Albert Einstein’s theory of relativity revolutionized how we understand space, time, and gravity. While most of us can only boast a surface-level understanding of the theory, it’s time to brush up on the game-changing concept, seeing as a new study was able to validate Einstein’s theory of general relativity.

Led by Dr. Thomas Collett of the Institute of Cosmology and Gravitation at the UK’s University of Portsmouth, an international team of astronomers conducted what they say was the first test of general relativity on a large astronomical scale. “A Precise Extragalactic Test of General Relativity,” which was published in the journal Science on Thursday, found that gravity’s behavior in distant galaxies reflects that way gravity behaves in our solar system, just as Einstein’s theory predicted.

Einstein determined that distortions in spacetime are felt as gravity.

So what is the theory of general relativity? We first have to look at the physicist’s theory of special relativity, which Einstein introduced in his 1905 paper “On the Electrodynamics of Moving Bodies.” This is where Einstein first calculated the speed of light (186,000 miles per second) and posited that the laws of physics appear the same to all observers. These two principles would form the basis of special relativity, where Einstein deduced, in its simplest terms, that everything is moving relative to everything else.

Einstein’s theory of special relativity lays the groundwork for his 1915 theory of general relativity and its equivalence principle of observing gravity. From there, Einstein explores the ways in which spacetime, a mathematical model that joins space and time in a continuum, is curved by the presence of gravity, matter, energy, and momentum. It’s a geometric theory of how gravitation affects the energy that moves matter around and can be used to predict how much curvature is created by a mass.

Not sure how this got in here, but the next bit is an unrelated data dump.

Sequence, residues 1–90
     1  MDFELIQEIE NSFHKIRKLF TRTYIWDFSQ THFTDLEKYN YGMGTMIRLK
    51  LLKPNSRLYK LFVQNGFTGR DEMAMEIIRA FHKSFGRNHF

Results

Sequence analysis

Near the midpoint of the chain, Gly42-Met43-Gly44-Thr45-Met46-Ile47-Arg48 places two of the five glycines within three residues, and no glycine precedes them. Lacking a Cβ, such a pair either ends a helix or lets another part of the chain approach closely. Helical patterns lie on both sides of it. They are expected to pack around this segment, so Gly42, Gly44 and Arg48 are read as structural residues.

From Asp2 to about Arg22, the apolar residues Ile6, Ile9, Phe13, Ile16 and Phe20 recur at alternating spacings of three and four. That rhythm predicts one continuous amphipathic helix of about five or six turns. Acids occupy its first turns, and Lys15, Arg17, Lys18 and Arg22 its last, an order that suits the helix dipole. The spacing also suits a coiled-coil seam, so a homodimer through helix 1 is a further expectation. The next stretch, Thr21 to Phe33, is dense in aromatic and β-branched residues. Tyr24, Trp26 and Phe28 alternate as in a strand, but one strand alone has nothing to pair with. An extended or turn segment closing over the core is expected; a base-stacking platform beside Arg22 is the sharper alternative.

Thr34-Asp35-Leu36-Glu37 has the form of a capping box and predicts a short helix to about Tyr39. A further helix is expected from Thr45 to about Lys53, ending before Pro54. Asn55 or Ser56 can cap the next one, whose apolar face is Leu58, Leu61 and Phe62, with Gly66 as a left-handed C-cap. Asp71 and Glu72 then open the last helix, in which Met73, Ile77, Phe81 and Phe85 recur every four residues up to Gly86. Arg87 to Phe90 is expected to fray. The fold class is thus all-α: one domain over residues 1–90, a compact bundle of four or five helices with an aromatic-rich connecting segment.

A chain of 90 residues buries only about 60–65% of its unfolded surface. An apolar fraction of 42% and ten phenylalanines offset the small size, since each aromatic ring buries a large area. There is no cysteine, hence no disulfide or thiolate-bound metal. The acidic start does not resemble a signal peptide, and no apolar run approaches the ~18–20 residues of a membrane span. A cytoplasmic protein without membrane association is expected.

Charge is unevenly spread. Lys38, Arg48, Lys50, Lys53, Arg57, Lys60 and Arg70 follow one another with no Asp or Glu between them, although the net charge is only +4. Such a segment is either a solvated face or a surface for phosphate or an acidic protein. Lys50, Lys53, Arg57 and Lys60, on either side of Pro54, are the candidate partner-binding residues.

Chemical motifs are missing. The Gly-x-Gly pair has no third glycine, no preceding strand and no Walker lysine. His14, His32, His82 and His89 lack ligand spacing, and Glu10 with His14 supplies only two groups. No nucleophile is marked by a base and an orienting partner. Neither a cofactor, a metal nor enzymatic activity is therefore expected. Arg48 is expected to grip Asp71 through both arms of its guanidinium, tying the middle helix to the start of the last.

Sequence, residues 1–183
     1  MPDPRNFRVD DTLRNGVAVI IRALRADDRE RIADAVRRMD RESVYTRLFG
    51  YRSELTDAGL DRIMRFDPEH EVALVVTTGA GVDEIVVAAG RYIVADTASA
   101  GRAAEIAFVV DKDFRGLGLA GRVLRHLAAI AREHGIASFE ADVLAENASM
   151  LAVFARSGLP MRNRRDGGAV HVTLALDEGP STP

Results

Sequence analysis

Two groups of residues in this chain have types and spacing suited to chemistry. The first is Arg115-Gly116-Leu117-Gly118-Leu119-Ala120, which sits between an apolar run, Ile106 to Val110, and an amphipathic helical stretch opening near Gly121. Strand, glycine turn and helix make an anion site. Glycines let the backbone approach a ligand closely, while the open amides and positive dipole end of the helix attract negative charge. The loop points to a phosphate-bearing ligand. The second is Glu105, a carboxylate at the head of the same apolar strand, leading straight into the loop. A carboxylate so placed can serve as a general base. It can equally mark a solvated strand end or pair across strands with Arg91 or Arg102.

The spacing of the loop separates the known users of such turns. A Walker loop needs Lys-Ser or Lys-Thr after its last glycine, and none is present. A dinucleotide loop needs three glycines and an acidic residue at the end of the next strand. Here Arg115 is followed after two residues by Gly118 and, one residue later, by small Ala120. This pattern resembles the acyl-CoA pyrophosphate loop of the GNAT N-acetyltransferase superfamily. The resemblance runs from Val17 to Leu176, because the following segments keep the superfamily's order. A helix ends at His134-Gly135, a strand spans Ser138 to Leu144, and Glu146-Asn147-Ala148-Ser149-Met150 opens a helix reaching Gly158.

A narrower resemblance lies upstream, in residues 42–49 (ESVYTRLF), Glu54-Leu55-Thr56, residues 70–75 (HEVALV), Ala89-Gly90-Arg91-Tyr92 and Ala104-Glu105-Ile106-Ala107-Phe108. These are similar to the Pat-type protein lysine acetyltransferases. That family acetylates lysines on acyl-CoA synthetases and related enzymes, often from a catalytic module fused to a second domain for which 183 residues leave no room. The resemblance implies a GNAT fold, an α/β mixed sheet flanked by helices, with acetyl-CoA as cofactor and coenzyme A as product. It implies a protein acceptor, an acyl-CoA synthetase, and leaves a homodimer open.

To validate these tenets of general relativity, Collett’s team used data from NASA’s Hubble Space Telescope and a technique called gravitational lensing, whereby a massive object acts like a lens by bending light so that the image of the background object is distorted. In this scenario, the researchers used galaxy ESO 325-G004 as their lens, which is roughly 500 million light-years from Earth.

The galaxy serving as a lens allowed Collett to measure the mass and curvature of the spacetime in the neighboring galaxy. By comparing the galaxy’s mass with the measured curvature of spacetime, the team found the mass of the galaxy to be what the theory of general relativity predicts.

While the team plans to study the spacetime curvature of other galaxies, their groundbreaking first study verifies that Einstein’s theory of general relativity can apply to matter outside of our solar system. Not only does this vindicate some long-held theories, it could be a boon for cosmologists in their quest to identify the location and characteristics of other galaxies.

Photos via Michael Koppitz (Max Planck Institute for Gravitational Physics (Albert Einstein Institute)/Zuse Institute Berlin)

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